Early accurate diagnosis of pregnancy status, detection and management of twins and identification of pregnancy loss are all important for optimal reproductive management of mares.
Transrectal Ultrasound Pregnancy Examination
The recommended method for initial pregnancy examination is transrectal ultrasonography performed 14 to 16 days after ovulation, or earlier if needed. This protocol allows for accurate diagnosis of pregnancy status, early detection and management of twins, evaluation of the corpus luteum, and assessment of the presence or absence of uterine edema and uterine fluid. A thorough, systematic ultrasound examination of the entire reproductive tract should be performed. The entire uterus should be scanned in one continuous motion in order to avoid missing any section of the uterus. The most common locations for a single embryo or a twin embryo to be missed are the caudal uterine body adjacent to the cervix or the tip of a uterine horn.
An embryonic vesicle may be detected as early as day 10 or 11 after ovulation. Routine initial pregnancy examinations are typically performed 12 to 16 days post-ovulation. An ultrasonographic examination performed on or before day 16 is also beneficial for the identification and management of twin pregnancies, scheduling rebreeding in open mares, and early detection of problems associated with pregnancy. A progressive increase in embryonic vesicle diameter occurs between days 11 and 16 of pregnancy.
The ultrasonographic appearance of the equine embryo changes from a round shape (day 12 to 16) to a more triangular (“guitar pick”) shape on days 17 to 21. Equine embryos grow an average of 3 to 5 mm per day from day 11 to day 16 of pregnancy. Failure to grow, reduced growth rate, or failure to advance in developmental stage may be associated with eventual embryo loss. Growth plateaus between 17 and 24 days, after which growth resumes at a slightly slower rate. The developing embryonic vesicle may have a somewhat irregular outline from day 25 to 35 after the capsule has been lost.
The embryo proper may become visible 20 to 23 days after ovulation and a heart-beat can usually be observed on about day 25. If a heartbeat is not detected at day 25, the mare should be re-examined 24 to 48 hours later before a final diagnosis of embryonic loss is made and prostaglandins administered.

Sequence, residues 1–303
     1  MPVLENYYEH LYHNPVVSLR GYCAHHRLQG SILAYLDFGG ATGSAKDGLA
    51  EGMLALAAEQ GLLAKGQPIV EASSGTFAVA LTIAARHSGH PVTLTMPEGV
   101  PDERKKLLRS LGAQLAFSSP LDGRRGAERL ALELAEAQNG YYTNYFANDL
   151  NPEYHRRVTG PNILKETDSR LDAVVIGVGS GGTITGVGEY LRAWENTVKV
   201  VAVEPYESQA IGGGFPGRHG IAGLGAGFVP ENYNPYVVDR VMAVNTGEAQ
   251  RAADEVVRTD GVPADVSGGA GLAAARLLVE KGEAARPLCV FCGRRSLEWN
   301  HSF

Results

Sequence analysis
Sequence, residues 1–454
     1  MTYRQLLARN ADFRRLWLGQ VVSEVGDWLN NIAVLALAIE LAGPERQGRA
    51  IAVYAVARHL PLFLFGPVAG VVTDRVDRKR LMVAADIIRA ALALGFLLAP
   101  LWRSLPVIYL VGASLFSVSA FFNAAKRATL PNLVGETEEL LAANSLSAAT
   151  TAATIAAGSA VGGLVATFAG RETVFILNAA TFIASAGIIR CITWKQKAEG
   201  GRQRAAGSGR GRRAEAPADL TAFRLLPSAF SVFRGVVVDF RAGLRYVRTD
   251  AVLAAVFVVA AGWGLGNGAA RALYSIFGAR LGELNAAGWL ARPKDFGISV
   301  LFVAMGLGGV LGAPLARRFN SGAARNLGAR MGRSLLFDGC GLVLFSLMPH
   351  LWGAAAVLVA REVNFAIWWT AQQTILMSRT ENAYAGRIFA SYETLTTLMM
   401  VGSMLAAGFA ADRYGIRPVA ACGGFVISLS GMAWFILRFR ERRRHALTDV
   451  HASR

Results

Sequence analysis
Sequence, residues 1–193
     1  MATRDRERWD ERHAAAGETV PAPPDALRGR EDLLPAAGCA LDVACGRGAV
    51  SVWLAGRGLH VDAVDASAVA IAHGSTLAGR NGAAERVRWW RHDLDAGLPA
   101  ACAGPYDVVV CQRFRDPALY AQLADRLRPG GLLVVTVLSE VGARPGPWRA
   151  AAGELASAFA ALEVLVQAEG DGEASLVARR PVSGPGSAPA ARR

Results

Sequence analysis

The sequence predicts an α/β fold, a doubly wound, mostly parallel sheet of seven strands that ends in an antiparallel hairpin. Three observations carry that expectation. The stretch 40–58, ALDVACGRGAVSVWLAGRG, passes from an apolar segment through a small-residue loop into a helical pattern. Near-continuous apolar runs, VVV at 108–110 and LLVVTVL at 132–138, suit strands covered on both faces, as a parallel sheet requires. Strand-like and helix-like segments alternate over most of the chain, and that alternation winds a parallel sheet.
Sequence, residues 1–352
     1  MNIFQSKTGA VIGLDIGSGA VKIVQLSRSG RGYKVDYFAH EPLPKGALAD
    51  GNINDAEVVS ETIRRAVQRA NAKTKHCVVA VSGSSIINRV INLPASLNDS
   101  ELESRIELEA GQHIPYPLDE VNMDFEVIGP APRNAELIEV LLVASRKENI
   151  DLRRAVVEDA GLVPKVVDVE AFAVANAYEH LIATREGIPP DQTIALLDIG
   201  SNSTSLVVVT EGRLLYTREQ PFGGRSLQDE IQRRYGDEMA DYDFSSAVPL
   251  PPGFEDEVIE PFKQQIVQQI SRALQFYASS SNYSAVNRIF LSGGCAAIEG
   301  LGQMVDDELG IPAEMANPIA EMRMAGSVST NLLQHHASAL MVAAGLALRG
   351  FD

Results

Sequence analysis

An additional ultrasound examination may be performed at day 35 to confirm pregnancy status as the endometrial cups are beginning to form. Mares determined to be open (not pregnant) at the day 35 examination can usually be rebred that season in the absence of endometrial cups. Administration of prostaglandins may be required to bring these mares back into heat due to persistence of the corpus luteum. Mares that are determined to be pregnant at day 35 and subsequently lose the pregnancy after day 35 will usually not cycle again that season or are very difficult to get in foal due to the presence of endometrial cups and production of equine chorionic gonadotropin.
Examination of the ovaries for the presence and characteristics of a corpus luteum and the uterus for evidence of edema are valuable during early pregnancy examinations. Maternal recognition of pregnancy occurs at approximately 12 to 14 days of pregnancy. Identification of a smaller-than-normal corpus luteum or edema in the uterus of a pregnant mare are indications that progesterone concentrations are low and that the pregnancy is at risk. The pregnancy can be maintained by initiating progesterone supplementation. Measurement of blood progesterone level may be performed to confirm the functional status of the corpus luteum.
The ovaries should be evaluated during all pregnancy examinations for the presence and physical characteristics of the corpus luteum. The primary corpus luteum should be visible and morphologically normal in a pregnant recipient mare up to day 45. Secondary or supplementary corpora lutea may be identified in pregnant mares after 45 to 60 days of gestation. Multiple secondary corpora lutea may be present on each ovary and the size of the ovary is subsequently increased. It should be noted that secondary corpora lutea do not form in every pregnant mare. Determination of the presence or absence of secondary corpora lutea may be important for management decisions, such as to whether or not to continue administration of supplemental progestins (i.e. altrenogest) to a pregnant mare.
Other Aspects of Pregnancy Diagnosis
It is of benefit to identify, measure and map the location of uterine cysts prior to breeding a mare. In some instances a uterine cyst may be confused with an embryonic vesicle. This may be crucial and potentially frustrating during an ultrasound examination for twins. Re-evaluation of the mare after an initial ultrasound examination for pregnancy may be necessary. The facts that “cysts do not grow” and “cysts do not move” within the uterus may be beneficial in differentiation of cysts from an embryonic vesicle. The equine embryo migrates throughout the uterus until day 16 or 17 and generally increases in size each day. On a rare occasion, a final diagnosis of pregnancy status may have to wait until after day 25 to determine if an embryonic vesicle, with an embryo proper and heart-beat, is present amongst a cluster of cysts.